# “One property may be said to include another if the first is necessarily such that anything that has it also has the second.”

Here is a sentence from philosophical work written by Roderick Chisholm Theory of knowledge. Which i failed to translate and understand. Explain it please in simple words.

One property may be said to include another if the first is necessarily such that anything that has it also has the second.

• You mean like "All men are mortal?" So the quality of being a man includes the property of being mortal. Because if something is a man then that thing is mortal. This reverses the usual convention that the set includes the subset. If every element of A is an element of B, we say that A is a subset of B or B includes A. Your quote has the "include" relationship the other way 'round. – user4894 Oct 5 '14 at 7:13
• Can you give us the reference (page #)? Also when you say "translate" do you mean state in formal logic or render in a different human language or make comprehensible in English? – virmaior Oct 5 '14 at 8:19
• @virmaior page #19. By translate i meant as you said "human language", on russian. – user71305 Oct 5 '14 at 17:11

Maybe an example will help you: redness is such that necessarily, anything that is red is also colourful. So redness contains colourfulness. Necessarily means that you cannot conceive of something having the first without also having the second.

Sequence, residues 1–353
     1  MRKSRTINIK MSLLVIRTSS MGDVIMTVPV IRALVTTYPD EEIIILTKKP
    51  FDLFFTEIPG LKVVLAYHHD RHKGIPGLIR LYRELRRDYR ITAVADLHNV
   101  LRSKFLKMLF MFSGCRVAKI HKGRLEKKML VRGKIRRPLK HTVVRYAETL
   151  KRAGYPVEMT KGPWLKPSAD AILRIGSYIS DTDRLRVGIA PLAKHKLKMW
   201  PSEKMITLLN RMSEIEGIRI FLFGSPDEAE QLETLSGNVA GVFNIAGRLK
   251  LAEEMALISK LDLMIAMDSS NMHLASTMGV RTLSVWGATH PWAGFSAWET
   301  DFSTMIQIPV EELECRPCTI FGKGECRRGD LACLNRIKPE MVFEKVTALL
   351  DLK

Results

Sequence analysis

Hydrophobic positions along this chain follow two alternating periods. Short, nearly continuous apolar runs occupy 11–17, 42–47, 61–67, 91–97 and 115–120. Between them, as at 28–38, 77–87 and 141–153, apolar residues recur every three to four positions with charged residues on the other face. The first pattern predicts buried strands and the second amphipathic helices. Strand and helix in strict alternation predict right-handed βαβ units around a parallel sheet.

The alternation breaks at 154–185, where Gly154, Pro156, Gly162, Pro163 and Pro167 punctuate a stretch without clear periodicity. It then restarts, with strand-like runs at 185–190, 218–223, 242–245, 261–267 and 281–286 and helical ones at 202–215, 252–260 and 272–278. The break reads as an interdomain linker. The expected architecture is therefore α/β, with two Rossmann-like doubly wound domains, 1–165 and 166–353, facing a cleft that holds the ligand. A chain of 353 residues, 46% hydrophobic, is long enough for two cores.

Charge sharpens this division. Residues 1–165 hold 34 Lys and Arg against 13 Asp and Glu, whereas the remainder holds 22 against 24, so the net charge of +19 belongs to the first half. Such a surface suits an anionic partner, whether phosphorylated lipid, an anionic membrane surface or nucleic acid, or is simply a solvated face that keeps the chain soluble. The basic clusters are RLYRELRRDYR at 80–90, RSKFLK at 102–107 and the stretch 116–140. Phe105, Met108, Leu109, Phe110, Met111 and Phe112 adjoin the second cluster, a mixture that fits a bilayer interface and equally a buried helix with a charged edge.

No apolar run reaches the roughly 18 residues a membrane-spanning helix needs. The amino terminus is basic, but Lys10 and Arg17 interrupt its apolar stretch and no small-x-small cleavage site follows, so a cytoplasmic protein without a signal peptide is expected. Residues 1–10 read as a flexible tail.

• Ok, thanks. I will use this as a note for a translation. As an explanation example. I used to think in that way too, when one property contains many. I asked this because words order here is seems alogical for me. Also i confused by unusual using of words as for non-philosopher. – user71305 Oct 6 '14 at 7:05

Let ϕ and ψ be properties, let x stand for a thing.

ϕ includes ψ means, for any x, ϕ(x) implies ψ(x).

Edit: This appears to be defined backward!!!

Let A = {x:ϕx}, B = {x:ψx}

(∀x) ϕ(x) ⇒ ψ(x) implies (∀x) x ∈ A ⇒ x ∈ B implies A ⊂ B, Which means A is contained by B!

• @user71305: This is odd. A property is equivalent to a set; a term having a property is equivalent to belonging to a set. Let A = {x:ϕ(x)}, B ={x:ψ(x)}, then ϕ(x) implies ψ(x) means ∀x, x ∈ A implies x ∈ B, which in turn implies A is included by B. This is exactly the opposite of the above definition! – George Chen Oct 5 '14 at 19:33
• @user71305 When speaking of intension, we use imply; when speaking of extension, we use include. This book has shown signs of muddle-headedness. – George Chen Oct 5 '14 at 20:35
• This answer is incorrect, strictly speaking because the necessity was droped and only extensions are considered. – Quentin Ruyant Oct 5 '14 at 21:03
• I don't think it's muddle-headed, it's just a specific vocabulary suited for metaphysics rather than logic: a property is said to include the other if it implies it necessarily (=in every possible world). – Quentin Ruyant Oct 5 '14 at 21:15
• @GeorgeChen - there is no error. If we consider "for all x (if P(x), then Q(x))" and read it extensionally, we consider P and Q as "extension" of two sets P and Q; thus, it is correct to say that P is included into Q. But "traditional logic" consider also intensions (i.e. concepts). Consider now the property of "beeing a square"; a square is a quadrilateral with some more "specifications"; thus, from an intensional point of view, the property or characteristic of "being a quadrilateral" is contained into that of "being a square". – Mauro ALLEGRANZA Oct 6 '14 at 12:05